Wednesday, February 26, 2020

Goldman Sachs begins probe after insider-trading testimony

Jan 10. 2020
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By Syndication Washington Post, Bloomberg · Bob Van Voris 

Goldman Sachs Group Inc. is reviewing a claim from a confessed member of an international insider-trading ring that he stole confidential information a decade ago from his former girlfriend, who is now a managing director at the firm, to trade on.

Marc Demane Debih, the government's star witness, testified Wednesday in a Manhattan insider-trading trial that he got data on three proposed corporate acquisitions in the mining industry from Zeynep Yenel, who was then his girlfriend.

"We are aware of the statements made during the testimony," Goldman Sachs spokeswoman Nicole Sharp said in a statement Thursday. "We are taking them seriously and conducting our own review."

Demane Debih testified in the trial of Telemaque Lavidas, who is charged with passing secret information from his father, a former director at a Boston-based drug company, to Georgios Nikas, a Greek businessman who owns restaurants in New York. Demane Debih, a former Swiss trader, pleaded guilty to 38 criminal counts in October. He's cooperating with prosecutors in hopes of reducing his time behind bars.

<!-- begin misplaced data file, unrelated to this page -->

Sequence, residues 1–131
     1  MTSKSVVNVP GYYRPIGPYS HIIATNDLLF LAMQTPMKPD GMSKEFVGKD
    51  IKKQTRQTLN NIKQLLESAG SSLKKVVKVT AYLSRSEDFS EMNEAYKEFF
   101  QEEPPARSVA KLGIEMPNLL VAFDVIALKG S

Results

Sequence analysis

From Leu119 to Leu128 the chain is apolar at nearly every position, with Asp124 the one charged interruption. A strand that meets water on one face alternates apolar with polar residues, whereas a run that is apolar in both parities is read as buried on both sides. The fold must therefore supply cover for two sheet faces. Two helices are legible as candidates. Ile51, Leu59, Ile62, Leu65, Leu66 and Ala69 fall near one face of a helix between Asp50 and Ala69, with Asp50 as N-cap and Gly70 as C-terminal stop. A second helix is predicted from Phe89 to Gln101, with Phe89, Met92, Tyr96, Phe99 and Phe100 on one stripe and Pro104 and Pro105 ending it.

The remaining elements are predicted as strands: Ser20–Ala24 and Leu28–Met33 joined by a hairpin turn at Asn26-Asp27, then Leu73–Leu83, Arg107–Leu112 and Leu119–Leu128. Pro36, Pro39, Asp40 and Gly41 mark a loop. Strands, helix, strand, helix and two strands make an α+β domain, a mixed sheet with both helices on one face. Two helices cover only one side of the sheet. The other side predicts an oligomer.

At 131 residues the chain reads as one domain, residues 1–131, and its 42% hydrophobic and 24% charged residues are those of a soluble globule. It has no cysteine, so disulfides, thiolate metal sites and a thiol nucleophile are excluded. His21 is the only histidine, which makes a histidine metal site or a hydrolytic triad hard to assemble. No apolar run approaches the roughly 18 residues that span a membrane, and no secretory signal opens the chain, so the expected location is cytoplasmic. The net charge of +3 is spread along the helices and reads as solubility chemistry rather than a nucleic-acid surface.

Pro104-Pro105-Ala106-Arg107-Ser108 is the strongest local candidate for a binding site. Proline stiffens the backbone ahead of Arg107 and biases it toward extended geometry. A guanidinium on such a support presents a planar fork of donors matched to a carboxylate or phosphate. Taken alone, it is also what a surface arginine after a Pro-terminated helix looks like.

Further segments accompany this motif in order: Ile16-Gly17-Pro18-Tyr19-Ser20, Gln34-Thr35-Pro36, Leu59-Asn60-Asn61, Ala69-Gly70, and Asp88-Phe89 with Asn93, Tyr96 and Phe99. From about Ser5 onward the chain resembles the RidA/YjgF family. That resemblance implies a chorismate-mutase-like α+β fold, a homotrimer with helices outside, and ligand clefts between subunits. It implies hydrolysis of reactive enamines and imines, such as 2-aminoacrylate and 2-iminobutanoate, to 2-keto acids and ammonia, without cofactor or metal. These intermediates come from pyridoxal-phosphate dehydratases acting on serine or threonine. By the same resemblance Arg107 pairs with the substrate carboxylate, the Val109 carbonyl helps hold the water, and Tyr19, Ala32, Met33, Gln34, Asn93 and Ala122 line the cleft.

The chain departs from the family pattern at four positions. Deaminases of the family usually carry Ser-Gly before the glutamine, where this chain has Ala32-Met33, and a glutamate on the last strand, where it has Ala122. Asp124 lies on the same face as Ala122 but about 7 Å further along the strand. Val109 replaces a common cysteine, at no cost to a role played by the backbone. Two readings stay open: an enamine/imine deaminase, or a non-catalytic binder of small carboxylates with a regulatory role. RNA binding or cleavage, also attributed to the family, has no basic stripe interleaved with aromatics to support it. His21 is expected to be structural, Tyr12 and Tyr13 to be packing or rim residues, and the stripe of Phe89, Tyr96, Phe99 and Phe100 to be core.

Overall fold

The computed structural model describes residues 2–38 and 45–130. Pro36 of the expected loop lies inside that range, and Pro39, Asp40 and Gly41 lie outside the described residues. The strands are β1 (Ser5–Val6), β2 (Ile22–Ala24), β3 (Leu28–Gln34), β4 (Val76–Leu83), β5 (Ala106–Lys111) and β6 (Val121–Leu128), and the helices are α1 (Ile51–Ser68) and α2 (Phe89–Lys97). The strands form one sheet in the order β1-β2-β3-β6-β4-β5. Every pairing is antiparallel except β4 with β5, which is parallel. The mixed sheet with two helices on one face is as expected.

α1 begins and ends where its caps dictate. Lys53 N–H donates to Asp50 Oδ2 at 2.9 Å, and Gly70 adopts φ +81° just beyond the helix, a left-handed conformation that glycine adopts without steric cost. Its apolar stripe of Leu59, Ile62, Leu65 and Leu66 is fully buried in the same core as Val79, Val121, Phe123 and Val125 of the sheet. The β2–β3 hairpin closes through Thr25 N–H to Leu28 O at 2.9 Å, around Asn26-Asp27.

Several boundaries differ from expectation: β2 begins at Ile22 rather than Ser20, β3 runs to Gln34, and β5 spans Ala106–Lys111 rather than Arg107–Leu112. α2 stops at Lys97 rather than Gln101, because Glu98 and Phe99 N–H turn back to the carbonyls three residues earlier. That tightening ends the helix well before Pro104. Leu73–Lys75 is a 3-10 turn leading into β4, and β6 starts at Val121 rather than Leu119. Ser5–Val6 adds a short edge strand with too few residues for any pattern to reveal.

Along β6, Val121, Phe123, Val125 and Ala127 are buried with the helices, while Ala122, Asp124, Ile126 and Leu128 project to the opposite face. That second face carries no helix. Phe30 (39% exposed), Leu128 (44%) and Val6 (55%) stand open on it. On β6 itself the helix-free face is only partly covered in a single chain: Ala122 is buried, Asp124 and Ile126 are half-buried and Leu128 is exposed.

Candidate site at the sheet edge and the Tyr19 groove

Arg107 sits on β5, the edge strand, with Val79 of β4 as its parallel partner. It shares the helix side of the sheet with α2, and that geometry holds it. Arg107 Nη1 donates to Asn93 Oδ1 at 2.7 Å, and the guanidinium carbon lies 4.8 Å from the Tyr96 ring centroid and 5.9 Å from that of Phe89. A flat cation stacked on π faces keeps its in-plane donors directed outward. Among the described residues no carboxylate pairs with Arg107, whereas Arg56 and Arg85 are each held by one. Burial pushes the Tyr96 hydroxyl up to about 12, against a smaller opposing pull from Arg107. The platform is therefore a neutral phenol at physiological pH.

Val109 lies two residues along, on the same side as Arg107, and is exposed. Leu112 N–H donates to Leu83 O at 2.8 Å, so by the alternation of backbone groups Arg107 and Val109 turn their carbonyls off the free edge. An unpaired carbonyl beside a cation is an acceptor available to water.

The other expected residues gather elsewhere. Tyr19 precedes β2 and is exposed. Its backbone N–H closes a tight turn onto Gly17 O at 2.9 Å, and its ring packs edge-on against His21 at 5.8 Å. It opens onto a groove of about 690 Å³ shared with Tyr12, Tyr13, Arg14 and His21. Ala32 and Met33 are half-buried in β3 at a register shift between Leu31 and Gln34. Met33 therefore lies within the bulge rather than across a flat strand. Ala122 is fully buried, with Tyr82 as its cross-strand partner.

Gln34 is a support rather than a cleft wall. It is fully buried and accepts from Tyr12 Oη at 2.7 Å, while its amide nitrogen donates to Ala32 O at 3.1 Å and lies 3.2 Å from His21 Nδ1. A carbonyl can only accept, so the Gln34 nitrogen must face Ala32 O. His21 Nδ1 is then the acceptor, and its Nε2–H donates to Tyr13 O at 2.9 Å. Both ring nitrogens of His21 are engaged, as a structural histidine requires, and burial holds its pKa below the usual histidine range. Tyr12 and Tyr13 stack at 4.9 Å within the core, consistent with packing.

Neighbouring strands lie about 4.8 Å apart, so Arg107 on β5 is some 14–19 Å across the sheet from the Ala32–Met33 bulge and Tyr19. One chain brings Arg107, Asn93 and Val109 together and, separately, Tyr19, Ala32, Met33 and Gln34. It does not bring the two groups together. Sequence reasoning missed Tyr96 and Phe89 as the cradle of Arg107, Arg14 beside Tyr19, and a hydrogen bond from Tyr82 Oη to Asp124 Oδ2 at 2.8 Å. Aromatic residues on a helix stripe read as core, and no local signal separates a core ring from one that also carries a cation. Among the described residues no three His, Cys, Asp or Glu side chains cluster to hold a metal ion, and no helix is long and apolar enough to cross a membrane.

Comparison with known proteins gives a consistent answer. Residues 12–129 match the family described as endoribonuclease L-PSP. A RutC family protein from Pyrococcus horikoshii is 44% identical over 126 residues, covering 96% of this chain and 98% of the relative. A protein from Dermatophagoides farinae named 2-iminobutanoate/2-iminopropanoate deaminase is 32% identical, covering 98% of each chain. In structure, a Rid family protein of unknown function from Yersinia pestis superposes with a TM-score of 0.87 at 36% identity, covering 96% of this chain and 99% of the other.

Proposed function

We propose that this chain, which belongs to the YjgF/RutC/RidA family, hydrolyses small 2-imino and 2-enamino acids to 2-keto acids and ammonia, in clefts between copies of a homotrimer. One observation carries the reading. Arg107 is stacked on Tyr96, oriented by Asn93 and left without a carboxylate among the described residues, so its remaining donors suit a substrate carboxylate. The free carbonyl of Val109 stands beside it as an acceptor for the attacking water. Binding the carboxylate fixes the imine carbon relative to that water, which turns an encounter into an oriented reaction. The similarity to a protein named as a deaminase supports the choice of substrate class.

Demane Debih told jurors that in 2010 or 2011 he got information from Yenel on London Mining Plc, Breakwater Resources Ltd. and Copper Mountain Mining Corp. He testified that he traded on the Copper Mountain information and passed a Breakwater tip to his friend Nikas. He said he doesn't remember whether he traded on London Mining.

Yenel wasn't aware that he was able to determine the identity of her clients, Demane Debih said.

"How did you figure that out?" Assistant U.S. Attorney Daniel Tracer asked.

"From asking her different questions, and I was looking at the market, and figured out which company she was working for," Demane Debih responded.

Yenel is one of two Goldman Sachs investment bankers whose names came up in Demane Debih's testimony. The former Swiss trader also told jurors that former Goldman Sachs Vice President Bryan Cohen was a source of inside information, tipping him on as many as six or seven corporate deals.

Cohen pleaded guilty to conspiracy on Tuesday and faces as long as five years in prison. He was terminated late last year, according to the firm.

The case is U.S. v. Lavidas, 19-cr-716, U.S. District Court, Southern District of New York (Manhattan).

 

 

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